Q. How long should a company keep its basic employment records once an employee has been terminated?
A. Different statutes and regulations require companies to keep a variety of information on file for specific periods of time. This can vary anywhere from one to three years (even longer in the case of certain publicly traded companies).
However, to be safe, a company should keep the basic employment information (e.g., applications, disciplinary files, records, termination paperwork) for a period of four years following termination.
The reason is that most employment litigation must be initiated within four years to avoid being time-barred.
Some statutes, such as Title VII of the Civil Rights Act, the ADA and the Age Discrimination in Employment Act, require action by aggrieved employees within 180 or 300 days of the alleged act of discrimination. Others, such as the and claims of racial discrimination or retaliation under §1981, may be brought either two, three or even four years later.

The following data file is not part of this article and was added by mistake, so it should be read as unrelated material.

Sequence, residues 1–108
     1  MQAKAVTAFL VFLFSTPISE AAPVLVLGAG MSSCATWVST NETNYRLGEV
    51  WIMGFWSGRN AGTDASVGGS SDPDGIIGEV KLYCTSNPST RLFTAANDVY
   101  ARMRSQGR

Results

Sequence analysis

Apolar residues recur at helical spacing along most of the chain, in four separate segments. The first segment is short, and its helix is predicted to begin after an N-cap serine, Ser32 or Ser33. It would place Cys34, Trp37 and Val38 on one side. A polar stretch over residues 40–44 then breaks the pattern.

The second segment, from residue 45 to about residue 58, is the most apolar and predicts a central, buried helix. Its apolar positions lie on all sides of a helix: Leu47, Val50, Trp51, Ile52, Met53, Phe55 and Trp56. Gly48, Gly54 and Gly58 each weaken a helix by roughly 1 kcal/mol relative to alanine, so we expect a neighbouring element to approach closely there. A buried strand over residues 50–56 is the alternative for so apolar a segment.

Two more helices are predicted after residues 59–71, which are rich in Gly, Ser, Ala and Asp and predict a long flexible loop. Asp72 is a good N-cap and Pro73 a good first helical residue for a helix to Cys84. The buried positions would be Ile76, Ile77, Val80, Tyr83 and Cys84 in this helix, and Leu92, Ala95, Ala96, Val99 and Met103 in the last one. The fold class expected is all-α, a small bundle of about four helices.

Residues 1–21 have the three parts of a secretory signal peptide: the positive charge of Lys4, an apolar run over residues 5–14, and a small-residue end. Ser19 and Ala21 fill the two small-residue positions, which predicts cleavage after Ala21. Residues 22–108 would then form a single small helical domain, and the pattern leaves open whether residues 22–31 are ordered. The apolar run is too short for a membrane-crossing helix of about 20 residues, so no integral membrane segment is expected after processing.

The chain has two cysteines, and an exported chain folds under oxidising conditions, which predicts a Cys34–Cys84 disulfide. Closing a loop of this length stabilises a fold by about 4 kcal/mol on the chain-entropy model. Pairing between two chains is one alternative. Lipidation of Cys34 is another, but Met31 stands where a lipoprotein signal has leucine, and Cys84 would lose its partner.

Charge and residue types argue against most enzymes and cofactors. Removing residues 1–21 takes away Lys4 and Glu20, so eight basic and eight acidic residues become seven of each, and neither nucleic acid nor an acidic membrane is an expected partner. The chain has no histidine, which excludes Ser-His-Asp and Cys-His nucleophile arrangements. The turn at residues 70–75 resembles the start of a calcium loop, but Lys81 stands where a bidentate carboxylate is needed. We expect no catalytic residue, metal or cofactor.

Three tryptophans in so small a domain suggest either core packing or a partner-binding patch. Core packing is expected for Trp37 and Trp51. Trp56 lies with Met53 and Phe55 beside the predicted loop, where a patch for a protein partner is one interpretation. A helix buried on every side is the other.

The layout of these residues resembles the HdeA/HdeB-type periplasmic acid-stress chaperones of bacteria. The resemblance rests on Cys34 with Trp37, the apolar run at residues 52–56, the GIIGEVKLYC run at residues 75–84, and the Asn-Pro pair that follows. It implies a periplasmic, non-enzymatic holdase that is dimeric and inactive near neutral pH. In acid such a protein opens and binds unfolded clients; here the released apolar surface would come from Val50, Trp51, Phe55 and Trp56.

Thus, maintaining the records in usable form for 48 months after termination will ensure that the information is there if needed.
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